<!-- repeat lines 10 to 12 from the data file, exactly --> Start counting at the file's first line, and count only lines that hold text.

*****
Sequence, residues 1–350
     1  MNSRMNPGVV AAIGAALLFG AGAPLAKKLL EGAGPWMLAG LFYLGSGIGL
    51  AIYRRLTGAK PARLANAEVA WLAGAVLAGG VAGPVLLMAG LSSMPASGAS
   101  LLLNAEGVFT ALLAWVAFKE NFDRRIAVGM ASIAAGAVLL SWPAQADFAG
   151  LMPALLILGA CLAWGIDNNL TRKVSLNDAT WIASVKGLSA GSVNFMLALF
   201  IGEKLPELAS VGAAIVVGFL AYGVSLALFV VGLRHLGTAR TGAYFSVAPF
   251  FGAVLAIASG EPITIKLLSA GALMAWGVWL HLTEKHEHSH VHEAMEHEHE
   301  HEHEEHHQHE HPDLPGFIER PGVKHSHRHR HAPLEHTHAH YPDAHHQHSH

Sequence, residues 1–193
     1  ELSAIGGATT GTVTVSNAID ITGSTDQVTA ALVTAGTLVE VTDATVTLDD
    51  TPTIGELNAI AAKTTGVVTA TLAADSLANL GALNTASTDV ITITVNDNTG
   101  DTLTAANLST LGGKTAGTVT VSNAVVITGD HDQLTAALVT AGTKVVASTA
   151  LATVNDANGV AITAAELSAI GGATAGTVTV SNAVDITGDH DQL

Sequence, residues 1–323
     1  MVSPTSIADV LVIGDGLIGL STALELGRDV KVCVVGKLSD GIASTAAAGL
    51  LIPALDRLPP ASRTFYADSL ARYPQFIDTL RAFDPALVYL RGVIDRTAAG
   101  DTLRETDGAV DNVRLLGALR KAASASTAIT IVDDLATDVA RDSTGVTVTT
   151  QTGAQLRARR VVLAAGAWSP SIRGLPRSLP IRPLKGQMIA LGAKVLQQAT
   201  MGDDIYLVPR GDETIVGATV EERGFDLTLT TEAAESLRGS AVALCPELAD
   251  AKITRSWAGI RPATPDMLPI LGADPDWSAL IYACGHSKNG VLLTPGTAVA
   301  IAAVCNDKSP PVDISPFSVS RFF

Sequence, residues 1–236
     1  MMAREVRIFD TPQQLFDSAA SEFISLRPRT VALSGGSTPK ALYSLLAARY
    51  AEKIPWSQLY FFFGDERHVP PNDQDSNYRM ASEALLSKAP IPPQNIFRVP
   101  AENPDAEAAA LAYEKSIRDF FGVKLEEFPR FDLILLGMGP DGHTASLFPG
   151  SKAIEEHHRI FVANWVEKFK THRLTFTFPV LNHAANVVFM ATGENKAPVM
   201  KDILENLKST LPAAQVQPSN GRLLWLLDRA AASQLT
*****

     1  ELSAIGGATT GTVTVSNAID ITGSTDQVTA ALVTAGTLVE VTDATVTLDD
    51  TPTIGELNAI AAKTTGVVTA TLAADSLANL GALNTASTDV ITITVNDNTG
   101  DTLTAANLST LGGKTAGTVT VSNAVVITGD HDQLTAALVT AGTKVVASTA